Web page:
How to Avoid Penalties with the New Influencer Transparency Rules?

influencer transparency rules
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At the beginning of this month, the Australian Association of National Advertisers (AANA) has amended the Advertiser Code of Ethics which requires that social media influencers disclose if their content is sponsored or not. This means that if you are living in Australia, from now on you will always know if the content you are reading or watching is sponsored, that is if the content you are consuming is related to Australia.

According to James Purtill for abc.net.au, breaching the AANA code will not result in large penalties as the association is self-regulating and the New Influencer Transparency Rules only apply to the brands. However, he also points out to the fact that the Australian Competition and Consumer Commission (ACCC) could be where the real danger lies when breaching the Australian Consumer Law (ACL).

Social Media Influencers and the Problem of Transparency

Many companies today are turning to social influencers to help advertise their brand and products. However, previously, there were no rules regulating the nature of such business agreements and many influencers weren’t required to disclose to their audience that a product or service they’re talking about is an advertisement and that they’re paid for this type of advertising.

Although most social media users of today are familiar with these kinds of practices, others may be fooled into thinking that the content their seeing is honest and that there’s no monetary gain for the content creator.

To protect consumers, the new rules set forth by the AANA will make future advertising more transparent and misleading information will be minimized.
Social Media

To Whom These New Influencer Transparency Rules Actually Apply?

However, marketing and advertising is a complex business strategy in today’s media driven world and business and influencers need to know how exactly will advertising look under this new set of regulations.

Luckily, the AANA has published best practice guidelines for marketers and agencies to follow. First of all, the New Influencer Transparency Rules apply only if the marketer has a degree of control over the material and if the material in question draws the attention of the public in a manner that obviously promotes a certain product or service.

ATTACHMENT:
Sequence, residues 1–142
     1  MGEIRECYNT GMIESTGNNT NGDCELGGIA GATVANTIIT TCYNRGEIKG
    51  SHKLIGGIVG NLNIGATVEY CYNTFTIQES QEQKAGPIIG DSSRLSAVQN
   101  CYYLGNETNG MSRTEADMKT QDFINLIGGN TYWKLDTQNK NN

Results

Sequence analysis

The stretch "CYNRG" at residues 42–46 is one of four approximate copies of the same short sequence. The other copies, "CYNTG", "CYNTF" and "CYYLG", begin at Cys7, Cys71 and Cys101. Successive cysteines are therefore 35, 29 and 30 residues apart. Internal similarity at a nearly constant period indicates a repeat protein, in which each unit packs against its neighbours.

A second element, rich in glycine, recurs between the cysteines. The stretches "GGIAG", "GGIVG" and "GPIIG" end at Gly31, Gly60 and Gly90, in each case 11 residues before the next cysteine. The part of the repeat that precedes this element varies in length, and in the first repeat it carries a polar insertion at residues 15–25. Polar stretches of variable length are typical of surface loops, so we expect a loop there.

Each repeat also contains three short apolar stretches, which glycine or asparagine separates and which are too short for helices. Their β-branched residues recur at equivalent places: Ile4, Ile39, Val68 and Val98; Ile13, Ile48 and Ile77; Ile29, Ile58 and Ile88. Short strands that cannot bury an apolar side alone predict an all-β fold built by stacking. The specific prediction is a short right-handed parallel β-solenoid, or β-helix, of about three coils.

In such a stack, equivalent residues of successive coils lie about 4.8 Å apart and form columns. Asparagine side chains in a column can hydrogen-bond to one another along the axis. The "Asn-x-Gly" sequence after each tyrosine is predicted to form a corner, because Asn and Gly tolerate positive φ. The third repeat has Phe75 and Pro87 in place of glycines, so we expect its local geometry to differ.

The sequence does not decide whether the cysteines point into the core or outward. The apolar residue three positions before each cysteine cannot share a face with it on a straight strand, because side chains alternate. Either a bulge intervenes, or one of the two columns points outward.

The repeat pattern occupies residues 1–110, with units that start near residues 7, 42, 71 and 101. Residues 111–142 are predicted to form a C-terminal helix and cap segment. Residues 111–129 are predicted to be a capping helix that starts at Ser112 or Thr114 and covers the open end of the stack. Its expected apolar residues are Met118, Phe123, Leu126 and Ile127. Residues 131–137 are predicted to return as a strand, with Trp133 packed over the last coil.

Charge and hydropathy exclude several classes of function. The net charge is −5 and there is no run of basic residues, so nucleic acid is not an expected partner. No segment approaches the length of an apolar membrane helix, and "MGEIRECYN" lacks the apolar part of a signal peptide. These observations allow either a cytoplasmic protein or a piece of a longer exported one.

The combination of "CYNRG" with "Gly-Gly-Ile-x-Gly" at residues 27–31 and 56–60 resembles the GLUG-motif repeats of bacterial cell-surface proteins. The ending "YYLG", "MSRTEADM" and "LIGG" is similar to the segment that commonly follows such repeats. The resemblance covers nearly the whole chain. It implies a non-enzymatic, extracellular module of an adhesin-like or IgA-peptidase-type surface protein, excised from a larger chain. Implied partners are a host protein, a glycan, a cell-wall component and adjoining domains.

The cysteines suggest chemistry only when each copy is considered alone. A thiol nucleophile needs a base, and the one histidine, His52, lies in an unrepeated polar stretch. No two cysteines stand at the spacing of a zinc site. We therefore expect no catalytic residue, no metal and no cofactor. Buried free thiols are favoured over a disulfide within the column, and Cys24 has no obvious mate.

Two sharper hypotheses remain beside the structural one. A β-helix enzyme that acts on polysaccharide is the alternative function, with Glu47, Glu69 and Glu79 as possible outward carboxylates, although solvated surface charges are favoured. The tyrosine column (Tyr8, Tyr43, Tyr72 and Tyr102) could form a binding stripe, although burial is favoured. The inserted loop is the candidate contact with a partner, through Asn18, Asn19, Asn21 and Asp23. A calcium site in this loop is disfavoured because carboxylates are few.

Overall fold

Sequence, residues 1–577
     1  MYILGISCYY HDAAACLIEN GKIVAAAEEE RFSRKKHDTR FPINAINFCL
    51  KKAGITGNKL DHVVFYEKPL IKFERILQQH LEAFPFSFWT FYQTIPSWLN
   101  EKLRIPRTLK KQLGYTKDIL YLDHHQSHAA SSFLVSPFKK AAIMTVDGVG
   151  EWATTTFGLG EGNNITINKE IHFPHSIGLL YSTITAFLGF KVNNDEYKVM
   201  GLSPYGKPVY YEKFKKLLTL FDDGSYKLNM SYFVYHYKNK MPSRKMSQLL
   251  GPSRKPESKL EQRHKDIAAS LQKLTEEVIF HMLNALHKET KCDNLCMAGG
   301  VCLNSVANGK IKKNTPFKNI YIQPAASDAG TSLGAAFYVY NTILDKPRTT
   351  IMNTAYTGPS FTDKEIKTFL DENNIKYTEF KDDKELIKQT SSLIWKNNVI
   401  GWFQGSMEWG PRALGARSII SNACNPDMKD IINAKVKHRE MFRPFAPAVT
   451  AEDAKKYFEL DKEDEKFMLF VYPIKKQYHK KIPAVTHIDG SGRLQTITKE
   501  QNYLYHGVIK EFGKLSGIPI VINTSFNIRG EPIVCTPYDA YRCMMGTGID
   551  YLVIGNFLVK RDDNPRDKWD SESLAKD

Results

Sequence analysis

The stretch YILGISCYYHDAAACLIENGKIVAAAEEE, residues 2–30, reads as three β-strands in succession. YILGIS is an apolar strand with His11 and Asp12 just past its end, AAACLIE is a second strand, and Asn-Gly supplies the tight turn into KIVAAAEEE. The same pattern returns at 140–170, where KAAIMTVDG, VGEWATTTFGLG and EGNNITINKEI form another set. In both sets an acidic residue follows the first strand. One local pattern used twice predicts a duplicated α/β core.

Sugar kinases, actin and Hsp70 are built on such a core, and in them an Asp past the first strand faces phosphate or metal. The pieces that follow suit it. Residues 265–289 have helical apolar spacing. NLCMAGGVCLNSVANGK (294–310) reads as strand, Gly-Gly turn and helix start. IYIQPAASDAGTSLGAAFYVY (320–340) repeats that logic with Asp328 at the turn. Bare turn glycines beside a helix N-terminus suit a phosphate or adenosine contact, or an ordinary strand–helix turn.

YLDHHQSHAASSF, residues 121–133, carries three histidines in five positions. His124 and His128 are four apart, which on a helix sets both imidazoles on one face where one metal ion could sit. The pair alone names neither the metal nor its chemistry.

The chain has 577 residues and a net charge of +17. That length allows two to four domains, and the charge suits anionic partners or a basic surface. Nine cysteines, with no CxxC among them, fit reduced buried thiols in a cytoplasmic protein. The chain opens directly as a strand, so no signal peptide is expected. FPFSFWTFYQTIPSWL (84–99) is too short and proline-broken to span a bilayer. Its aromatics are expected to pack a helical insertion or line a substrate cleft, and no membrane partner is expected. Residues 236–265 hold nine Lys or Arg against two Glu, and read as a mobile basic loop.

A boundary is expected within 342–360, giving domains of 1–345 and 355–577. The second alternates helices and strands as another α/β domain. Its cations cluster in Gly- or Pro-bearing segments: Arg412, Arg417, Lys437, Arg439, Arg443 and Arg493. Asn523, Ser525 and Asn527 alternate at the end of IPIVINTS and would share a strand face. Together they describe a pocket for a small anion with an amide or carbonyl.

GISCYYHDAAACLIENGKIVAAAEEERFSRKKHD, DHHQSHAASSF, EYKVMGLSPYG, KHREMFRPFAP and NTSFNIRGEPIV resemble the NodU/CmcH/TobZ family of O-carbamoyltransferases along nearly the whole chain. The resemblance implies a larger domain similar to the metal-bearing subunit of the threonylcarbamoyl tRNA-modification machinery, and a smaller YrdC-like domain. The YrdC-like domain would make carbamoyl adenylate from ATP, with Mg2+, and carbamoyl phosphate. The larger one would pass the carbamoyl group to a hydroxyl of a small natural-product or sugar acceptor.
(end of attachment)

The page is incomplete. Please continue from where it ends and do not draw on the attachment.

When speaking of control, what the AANA is referring to here is if a certain company clearly states to an influencer what they should say or do with a product. However, in many cases, marketers don’t have much control over what influencers do with free samples and thus have little to no control over the advertising done.
marketing and advertising

Being Genuine Is the Key to Safe Advertising

As a general rule of thumb, the AANA states in their guidelines that influencers do not disguise marketing or advertising material by presenting it as an independent review or a private blog post. Furthermore, the guidelines recommend clearly identifying a sponsored material by including the words “sponsored”, “paid”, or “ad” at the end of a blog post or under video descriptions.

As far as sponsored content on social media sites like Twitter and Instagram go, the use of hashtags (#) in front of the aforementioned words is advised. Another recommendation is to establish an agreement with the influencer as to how they will disclose the nature of their content to their audience.

The Cost of Breaking the Law

Although there’s obviously a great deal of excitement and uncertainty as to how these new codes, truth is that this amendment reflects an already existing legal system in Australia.

The New Influencer Transparency Rules given in the AANA already apply to influence and the different ways in which companies are allowed to use social media influencers in order to market their product explains Stephen Von Muenster who is the principal of von Muenster Solicitors & Attorneys.

The Australian Consumer Law (ACL) is a good example of this and breaching the ACL can lead to big penalties for both individuals and companies with penalties for infringing posts going up to as much as $220.000 for individuals and $1.1 million for companies.

Other Options to Help You Stay Safe

However, to keep it safe, companies and brands would be safest opting for influencers that are relevant to their brand and message. Finding a professional influencer with a large audience that you are trying to reach is now made easier thanks to marketing agencies and even online platforms like ProvenSEO that provide different marketing services to companies in need of quality advertising and marketing content.

Conclusion

Brands and agencies now frequently use social media influencers to help advertise their products or services. However, companies need to be careful with how they promote their products as a lack of transparency between an influencer and their audience can result in audience backlash that can have a negative effect on a company.

To protect all parties involved, the Australian Association of National Advertisers (AANA) has provided a set of guidelines that will help agencies and brands avoid breaching the Australian Consumer Law (ACL).

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Author: Mak

Mak is a passionate leader, skilled communicator and product-focused with a combination of data-driven analytical skills and creative, innovative thinking that inspires teams and produces stellar results. He enjoys helping people and businesses grow to their full potential. He is having more than 15 year of experience in Digital Marketing, Product Development, Strategy Planning and served at various senior positions like Associate Creative & Marketing Director and Senior Director in the past and has developed a valuable skill set through the years. His ideas are designed to attract and help companies in targeting their brand towards the audience.